The Last Thing You Remember Interview (Part 1)

Recently, Taylor and I sat down with Nelson Jancaterino, the front-man for the folk act The Last Thing You Remember.  Nelson is an incredibly friendly, thoughtful man and with a sort of self-deprecating, but jovial sense of humor he kept us both listening for hours, even before and after the interview.  His music is catchy, but meaningful; it’s sometimes simple, but he tackles complex issues in a succinct and oddly whimsical way, particularly his song “Hey Mr. Officer” (video below).   We talked a great deal about music and activism and what it’s like to be a folk singer-songwriter, some of which is included in part one of our interview below.  We hope you enjoy reading Nelson’s words as much as we enjoyed listening to them and keep an eye out for the next part!

The interview has been edited for brevity and clarity, but the original message of Nelson’s words is alive and well.

Taylor: Tell us about yourself.

Nelson: My name is Nelson Jancaterino, 27 years old, college graduate, millennial, folk singer, living in Montgomery, AL and just trying to get by in this boring hell-scape of a town.

“I guess that’s what I’m trying to do, make people feel uncomfortable.”

T: Tell us about your music, who influenced you?

N: Gordon Lightfoot, Pete Seeger, Phil Ochs, and Woody Guthrie all influenced how I write.  Just listening to those guys and how they had so much to say, and trying to emulate them because I feel this is definitely a time where folk music is…well, like Woody Guthrie said, folk singers are supposed to make people feel uncomfortable.  I guess that’s what I’m trying to do, make people feel uncomfortable.  With politically charged music, the point is to make people feel uncomfortable and to get a point across, to send a message that times are bad and they need to be changing as Bob Dylan would say.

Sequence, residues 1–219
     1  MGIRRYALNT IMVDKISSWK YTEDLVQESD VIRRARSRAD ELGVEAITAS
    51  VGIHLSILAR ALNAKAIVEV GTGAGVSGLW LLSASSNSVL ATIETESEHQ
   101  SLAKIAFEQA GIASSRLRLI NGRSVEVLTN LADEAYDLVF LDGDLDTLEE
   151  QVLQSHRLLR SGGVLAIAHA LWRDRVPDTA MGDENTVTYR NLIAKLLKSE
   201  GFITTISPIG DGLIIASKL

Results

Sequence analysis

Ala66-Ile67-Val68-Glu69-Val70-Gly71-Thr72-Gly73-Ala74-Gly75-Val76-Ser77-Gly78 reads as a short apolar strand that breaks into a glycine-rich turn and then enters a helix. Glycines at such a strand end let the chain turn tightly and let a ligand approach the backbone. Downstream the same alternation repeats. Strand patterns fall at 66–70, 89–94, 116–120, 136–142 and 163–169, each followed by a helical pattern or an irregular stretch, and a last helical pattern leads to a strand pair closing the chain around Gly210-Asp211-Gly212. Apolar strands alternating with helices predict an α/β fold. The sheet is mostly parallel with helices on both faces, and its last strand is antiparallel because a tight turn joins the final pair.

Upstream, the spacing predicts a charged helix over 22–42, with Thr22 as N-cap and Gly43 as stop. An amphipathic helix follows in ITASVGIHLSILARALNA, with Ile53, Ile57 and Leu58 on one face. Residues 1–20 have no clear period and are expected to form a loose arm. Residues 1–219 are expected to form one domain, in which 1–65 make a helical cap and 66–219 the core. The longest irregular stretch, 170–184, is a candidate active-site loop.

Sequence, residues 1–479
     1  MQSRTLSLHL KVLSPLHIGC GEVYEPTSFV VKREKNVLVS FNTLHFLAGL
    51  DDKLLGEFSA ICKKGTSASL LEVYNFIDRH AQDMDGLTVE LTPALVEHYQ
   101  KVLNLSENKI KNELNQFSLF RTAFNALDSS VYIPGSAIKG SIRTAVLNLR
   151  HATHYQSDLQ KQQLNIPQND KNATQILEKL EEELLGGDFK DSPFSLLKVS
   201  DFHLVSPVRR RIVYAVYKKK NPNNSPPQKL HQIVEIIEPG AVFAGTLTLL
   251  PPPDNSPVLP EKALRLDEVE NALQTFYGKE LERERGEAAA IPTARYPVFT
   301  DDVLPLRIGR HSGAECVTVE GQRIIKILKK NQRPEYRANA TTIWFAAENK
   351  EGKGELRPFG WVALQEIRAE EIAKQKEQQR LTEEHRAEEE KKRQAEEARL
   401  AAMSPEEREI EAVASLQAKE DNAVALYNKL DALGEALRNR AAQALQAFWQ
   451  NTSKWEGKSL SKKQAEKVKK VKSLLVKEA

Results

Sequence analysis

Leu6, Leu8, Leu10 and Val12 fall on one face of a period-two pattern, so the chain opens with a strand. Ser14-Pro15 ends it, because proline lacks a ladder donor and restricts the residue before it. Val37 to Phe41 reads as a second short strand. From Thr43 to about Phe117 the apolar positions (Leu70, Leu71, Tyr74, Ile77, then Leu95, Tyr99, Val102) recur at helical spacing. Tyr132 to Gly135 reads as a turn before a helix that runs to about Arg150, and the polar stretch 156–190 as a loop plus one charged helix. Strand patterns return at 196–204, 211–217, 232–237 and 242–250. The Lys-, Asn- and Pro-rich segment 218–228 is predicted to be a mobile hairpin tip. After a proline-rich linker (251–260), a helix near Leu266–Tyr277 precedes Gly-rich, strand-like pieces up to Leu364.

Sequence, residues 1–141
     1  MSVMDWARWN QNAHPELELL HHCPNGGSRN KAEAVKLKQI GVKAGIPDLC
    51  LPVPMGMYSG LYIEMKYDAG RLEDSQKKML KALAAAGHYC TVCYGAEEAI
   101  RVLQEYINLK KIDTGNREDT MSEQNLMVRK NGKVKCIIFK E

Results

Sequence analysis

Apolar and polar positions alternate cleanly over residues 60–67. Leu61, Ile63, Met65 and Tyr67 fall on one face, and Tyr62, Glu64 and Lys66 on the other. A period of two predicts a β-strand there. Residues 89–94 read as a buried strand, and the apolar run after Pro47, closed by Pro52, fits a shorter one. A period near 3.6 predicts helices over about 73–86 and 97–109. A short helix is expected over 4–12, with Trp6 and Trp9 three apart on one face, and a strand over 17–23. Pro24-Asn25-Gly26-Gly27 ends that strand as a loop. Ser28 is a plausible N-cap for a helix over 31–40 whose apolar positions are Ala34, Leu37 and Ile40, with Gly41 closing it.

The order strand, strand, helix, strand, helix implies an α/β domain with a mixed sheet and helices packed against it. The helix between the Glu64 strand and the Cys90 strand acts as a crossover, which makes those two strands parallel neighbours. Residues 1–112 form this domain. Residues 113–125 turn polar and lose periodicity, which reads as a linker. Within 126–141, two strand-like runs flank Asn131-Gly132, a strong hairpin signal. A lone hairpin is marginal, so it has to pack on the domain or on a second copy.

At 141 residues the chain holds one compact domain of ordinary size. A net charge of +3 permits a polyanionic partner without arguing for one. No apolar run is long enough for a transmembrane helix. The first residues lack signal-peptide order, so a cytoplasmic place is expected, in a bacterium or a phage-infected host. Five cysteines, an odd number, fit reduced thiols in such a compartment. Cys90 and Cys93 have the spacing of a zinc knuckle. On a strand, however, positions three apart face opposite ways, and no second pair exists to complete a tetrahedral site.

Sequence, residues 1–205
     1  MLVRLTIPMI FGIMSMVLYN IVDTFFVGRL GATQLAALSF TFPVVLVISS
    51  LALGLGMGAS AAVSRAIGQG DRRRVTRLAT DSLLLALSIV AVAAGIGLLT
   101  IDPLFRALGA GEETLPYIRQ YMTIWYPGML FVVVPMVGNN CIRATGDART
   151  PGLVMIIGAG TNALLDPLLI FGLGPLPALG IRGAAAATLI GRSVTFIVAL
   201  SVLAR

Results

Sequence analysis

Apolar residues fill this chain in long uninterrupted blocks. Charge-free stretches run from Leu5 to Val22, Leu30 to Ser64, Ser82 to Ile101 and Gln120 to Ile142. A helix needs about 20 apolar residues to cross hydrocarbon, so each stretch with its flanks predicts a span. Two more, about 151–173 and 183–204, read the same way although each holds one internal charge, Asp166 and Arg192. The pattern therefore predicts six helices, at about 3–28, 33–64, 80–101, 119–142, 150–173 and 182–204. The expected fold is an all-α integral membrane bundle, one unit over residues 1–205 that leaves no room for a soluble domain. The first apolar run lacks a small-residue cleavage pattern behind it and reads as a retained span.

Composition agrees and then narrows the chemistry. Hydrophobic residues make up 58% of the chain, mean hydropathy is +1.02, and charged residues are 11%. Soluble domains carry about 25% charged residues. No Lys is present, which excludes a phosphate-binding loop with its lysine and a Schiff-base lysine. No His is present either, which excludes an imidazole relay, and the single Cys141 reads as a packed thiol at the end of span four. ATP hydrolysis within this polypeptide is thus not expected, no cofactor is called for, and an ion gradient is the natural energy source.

T: You’ve mentioned to me before that your dad plays as well?

N: Yeah, he’s classically trained to play guitar.  Not really a lot of singing, but I definitely heard a lot of guitar playing growing up.

T: Were you pushed in that direction as a kid?

N: Not really, my parents didn’t really push me in any direction when it came to music. It kinda just happened, I guess.  One might say it’s genetic, but my mom wasn’t really musical at all. Dad’s side of the family is.

T: At least you had exposure to it.

N: Yeah, definitely exposed to music at an early age.

Jason: How young were you, when you started playing?

N: When I started playing…so, I started seriously in band in middle school, where I played clarinet and saxophone.  I also played in high school band.  I was a drum major.  I played bass when I was about 14, picked up acoustic guitar when I was about 17, so I’ve probably been doing guitar for about 10 years. I never took lessons, I just taught myself. I grabbed my dad’s guitar one day and was like, “I’m gonna learn how to play”

T: Do you play guitar by ear or do you read music?

N: I know the chords and I know the notes, but obviously being in concert band I know a little bit of music theory, but having never formally trained in theory or guitar, I’m probably like a lot of singer-songwriters in that I just did my own thing and came about it in my own way. It’s funny because Adam Powell, the guy that I play with, I’ll show him a song and he’s just like…he’s classically trained, and he was a classic guitar teacher and he’s trained in theory and how you’re supposed to do things and now I show him a song I wrote and he’s like, “that’s not supposed to work, but somehow it does”

T: Right, it’s like his brain…*makes hand motions*

N: Yeah, his brain just like doesn’t know how to comprehend it the same way or doesn’t process it the same way.

T: Are you involved in any projects other than the album?

N: Other than just focusing on The Last Thing You Remember as a folk act, I have this fun pop punk side project that I’m doing with some of my friends, but other than that it’s really just focusing on this EP and building up more songs, writing, and trying to find my sound (air quotes from Nelson on this), I guess.  Just building a repertoire of stuff to play.  A lot of places, they want you to play covers, but I don’t want to be a cover artist.  I can’t stand going to the same places and hearing the same songs.  Someone playing Wagon Wheel for the 1000th time (this is where Taylor and I chant for Wagon Wheel).  There’s only so many ways you can play Wonder Wall and Wagon Wheel.  I just get absolutely sick of it.